Every year thousands of individuals in the UK and worldwide are facing the reality of losing their vision because of eye diseases such as diabetic retinopathy. These people are not only facing the fear of losing their vision, but losing their livelihood too.
Thana is one of these patients who, thanks to Moorfields Eye Hospital, was able to retain his sight and carry on with his work as an accountant. Moorfields was quick to give Thana the treatment he needed when he was diagnosed with diabetic retinopathy - a serious condition that causes the blood vessels in the eye to bleed and grow irregularly.
Moorfields Eye Charity are committed to supporting Moorfields Eye Hospital to purchase state of the art equipment, allowing them to develop the research they are conducting to help more patients like Thana. This winter we have set a goal to purchase a piece of new imaging equipment which will transform the way we diagnose and treat eye diseases of the retina. A new generation ultra-widefield fundus imager will allow us to look further inside the eye to detect the presence of disease.
This new imaging equipment would offer the ability to spot the very first signs of many serious eye diseases such as Uveitis, Viral retinitis, Behcet’s disease and Sickle cell disease. This would allow us to initiate earlier treatments in order to prevent progression of the eye disease which could potentially affect the central retinal and eventually cause permanent damage or vision loss.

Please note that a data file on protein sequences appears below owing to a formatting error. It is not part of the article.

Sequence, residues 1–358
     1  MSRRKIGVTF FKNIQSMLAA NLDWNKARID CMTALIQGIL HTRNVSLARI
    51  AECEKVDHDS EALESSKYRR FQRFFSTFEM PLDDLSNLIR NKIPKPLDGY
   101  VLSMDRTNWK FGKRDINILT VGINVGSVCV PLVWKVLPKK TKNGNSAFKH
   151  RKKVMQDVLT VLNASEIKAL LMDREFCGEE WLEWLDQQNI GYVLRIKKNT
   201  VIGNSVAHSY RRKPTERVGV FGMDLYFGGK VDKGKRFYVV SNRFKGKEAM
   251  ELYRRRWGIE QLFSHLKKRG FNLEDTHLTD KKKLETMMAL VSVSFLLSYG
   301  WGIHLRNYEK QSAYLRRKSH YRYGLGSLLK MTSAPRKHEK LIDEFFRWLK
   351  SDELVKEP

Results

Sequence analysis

Tania is another Moorfields patient who was referred to Moorfields Eye hospital six years ago with Uveitis diagnosis. “My uveitis is under control. It’s being looked after’’, she says. But she knows that without prompt and effective treatment, it could have been a very different story.
Patients like Thana and Tania could be diagnosed quicker with new imaging equipment. Enhancing the technology used at Moorfields Eye Hospital enables the medical staff to make earlier diagnosis and practise even better treatment and therapy. This new equipment gives a much wider field of view, allowing clinicians to see not just the centre of the retina but additionally, the periphery of the retina with outstanding clarity. That means the medical team can see more of the retina and they can identify sight threatening disease before it has progressed to involve the centre of the retina. This is important as patients may not be aware of sight threatening conditions which affect the peripheral retina initially.
Please help us to support the efforts of the Moorfields Eye Hospital medical team and to save the sight of more patients every year! To donate towards purchasing the new widefield-fundus imager, please click here.